America's Ocean Wilderness
A Cultural History of Twentieth-Century Exploration
John Lyman Book Prize
From whaling museums to National Geographic television specials to "tiki bars," the high seas have enchanted modern Americans as an adventurous frontier. And as contemporary explorers have discovered a new wilderness in the world's oceans, their depictions of the depths have influenced how we view these largely uncharted realms.
“Kroll’s thesis—that the abuse and degradation of the world ocean is a direct consequence of the propensity of American explorers to promote the notions of an ocean wilderness and ocean frontier—is disturbing and thought-provoking. A compelling work.”
—Cindy Lee Van Dover, author of Deep-Ocean Journeys
“The ocean is an idea, and the history of that idea is almost as ever-changing as the realm it reflects. This is a fascinating book about where the ocean came from. I dont mean the physical ocean but the sea in which swims our consciousness.”
—Carl Safina, president, Blue Ocean InstituteSee all reviews...
“A great read. Kroll writes with the same narrative verve that distinguishes popular nature writers.”
—Mark Hamilton Lytle, author of The Gentle Subversive: Rachel Carson, Silent Spring, and the Rise of the Environmental MovementSee fewer reviews...
America's Ocean Wilderness is a cultural history of America's exploration of the ocean and the first book to critically analyze the legacies of seven marine explorers. Assessing work that often straddles professional science and popular culture, Gary Kroll examines the different perspectives a handful of scientists and naturalists—Jacques Cousteau, Thor Heyerdahl, Roy Chapman Andrews, Robert Cushman Murphy, Eugenie Clark, Rachel Carson, and William Beebe—have offered on what the ocean means and how their views helped shape the way many Americans relate to the seas.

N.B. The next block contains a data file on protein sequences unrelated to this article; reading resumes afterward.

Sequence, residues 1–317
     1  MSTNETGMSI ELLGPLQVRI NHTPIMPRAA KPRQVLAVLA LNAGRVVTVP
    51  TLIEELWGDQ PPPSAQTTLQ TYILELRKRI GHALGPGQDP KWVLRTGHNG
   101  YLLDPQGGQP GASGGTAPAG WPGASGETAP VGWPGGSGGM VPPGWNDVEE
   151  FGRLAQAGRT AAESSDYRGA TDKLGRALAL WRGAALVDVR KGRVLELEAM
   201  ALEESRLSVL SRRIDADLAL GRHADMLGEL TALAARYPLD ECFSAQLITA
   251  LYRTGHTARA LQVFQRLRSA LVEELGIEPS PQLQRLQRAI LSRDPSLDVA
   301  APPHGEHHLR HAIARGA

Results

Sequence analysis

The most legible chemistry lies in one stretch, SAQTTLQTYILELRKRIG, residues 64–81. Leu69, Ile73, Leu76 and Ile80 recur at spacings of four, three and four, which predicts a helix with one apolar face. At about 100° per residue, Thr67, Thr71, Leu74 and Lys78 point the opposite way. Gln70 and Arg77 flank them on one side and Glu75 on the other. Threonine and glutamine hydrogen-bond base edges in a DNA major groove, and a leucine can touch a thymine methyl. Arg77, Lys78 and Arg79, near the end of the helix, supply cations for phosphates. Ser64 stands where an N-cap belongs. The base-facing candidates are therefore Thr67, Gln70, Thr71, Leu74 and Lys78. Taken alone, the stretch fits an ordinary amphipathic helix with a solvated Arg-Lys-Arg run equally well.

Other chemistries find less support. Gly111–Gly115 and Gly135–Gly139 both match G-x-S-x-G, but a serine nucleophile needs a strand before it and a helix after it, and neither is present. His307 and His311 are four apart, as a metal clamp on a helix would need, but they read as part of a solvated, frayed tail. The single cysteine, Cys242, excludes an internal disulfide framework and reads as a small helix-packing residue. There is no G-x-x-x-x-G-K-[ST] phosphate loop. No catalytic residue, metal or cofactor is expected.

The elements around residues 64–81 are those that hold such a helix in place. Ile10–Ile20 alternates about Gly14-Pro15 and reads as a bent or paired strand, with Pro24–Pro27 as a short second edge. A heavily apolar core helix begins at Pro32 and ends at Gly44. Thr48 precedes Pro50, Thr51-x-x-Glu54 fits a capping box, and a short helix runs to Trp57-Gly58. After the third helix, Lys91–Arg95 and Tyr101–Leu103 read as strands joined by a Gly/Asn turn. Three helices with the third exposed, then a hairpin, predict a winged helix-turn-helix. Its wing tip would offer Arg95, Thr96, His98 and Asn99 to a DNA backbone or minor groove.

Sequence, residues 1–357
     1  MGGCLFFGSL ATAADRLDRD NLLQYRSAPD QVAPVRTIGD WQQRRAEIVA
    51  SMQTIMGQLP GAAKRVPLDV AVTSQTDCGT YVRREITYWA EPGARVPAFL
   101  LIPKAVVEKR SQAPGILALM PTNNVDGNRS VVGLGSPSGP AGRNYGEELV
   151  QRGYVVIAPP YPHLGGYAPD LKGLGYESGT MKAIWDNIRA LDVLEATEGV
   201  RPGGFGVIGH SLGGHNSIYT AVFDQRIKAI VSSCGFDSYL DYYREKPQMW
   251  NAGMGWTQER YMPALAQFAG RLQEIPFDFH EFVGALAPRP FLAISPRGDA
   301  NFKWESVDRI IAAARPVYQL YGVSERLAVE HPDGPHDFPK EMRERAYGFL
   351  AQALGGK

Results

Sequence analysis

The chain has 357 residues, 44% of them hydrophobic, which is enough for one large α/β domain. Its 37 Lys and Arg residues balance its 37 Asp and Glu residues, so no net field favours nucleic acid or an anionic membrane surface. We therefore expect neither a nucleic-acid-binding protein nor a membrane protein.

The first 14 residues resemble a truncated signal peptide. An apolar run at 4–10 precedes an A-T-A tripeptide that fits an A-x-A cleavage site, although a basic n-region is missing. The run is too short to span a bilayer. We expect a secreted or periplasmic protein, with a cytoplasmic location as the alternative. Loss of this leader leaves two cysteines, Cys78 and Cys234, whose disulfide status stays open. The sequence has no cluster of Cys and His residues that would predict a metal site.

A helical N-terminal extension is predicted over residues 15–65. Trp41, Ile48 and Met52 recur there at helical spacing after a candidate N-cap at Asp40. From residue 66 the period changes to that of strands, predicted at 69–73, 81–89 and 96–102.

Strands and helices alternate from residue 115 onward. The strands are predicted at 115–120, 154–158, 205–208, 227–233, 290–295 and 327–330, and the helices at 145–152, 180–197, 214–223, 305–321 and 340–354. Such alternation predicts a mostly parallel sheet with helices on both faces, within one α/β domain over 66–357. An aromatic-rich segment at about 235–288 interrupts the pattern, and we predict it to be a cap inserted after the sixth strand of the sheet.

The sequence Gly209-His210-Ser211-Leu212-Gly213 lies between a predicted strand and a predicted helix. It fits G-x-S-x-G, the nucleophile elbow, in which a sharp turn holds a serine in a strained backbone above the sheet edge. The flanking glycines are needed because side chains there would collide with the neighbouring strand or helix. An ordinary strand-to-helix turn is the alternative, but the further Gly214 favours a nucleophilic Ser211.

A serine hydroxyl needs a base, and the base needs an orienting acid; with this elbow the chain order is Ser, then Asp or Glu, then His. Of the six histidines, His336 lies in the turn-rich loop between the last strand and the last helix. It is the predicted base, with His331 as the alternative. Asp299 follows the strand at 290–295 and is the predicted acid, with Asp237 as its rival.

Kroll argues that to truly know the ocean we first need to understand our own western frontier, showing how easily our popular infatuation with the continental wilderness—in the spirit of manifest destiny and its problematic legacy of conquest—has been transferred to the watery world. Indeed, the twentieth-century American imagination was quick to imbue the ocean with frontier characteristics, whether as a trove of inexhaustible resources, an ecosystem in need of stewardship, or a place of recreation.
Exploring the phenomenon of Americans' fascination with wild and inaccessible places, Kroll shows how these seven explorers helped create and perpetuate the idea of an ocean wilderness by applying terrestrial logic to the seas. And he demonstrates that their own appeal and accomplishments were abetted by the willingness of Americans to understand other new frontiers in terms of the West.
As the ocean gradually became an extension of the nineteenth-century conception of wilderness—an attitude not without ecological consequences—many of the sea's environmental problems were linked to the way we think about it as a frontier space, Kroll argues. With poisoned waters, depleted fisheries, and dying coral reefs, the seas are endangered by the same kinds of forces that threatened and ravaged America's terrestrial wilderness. America's Ocean Wilderness offers a new perspective on this last earthly frontier, encouraging readers to realize that the way they view the ocean may well seal its fate.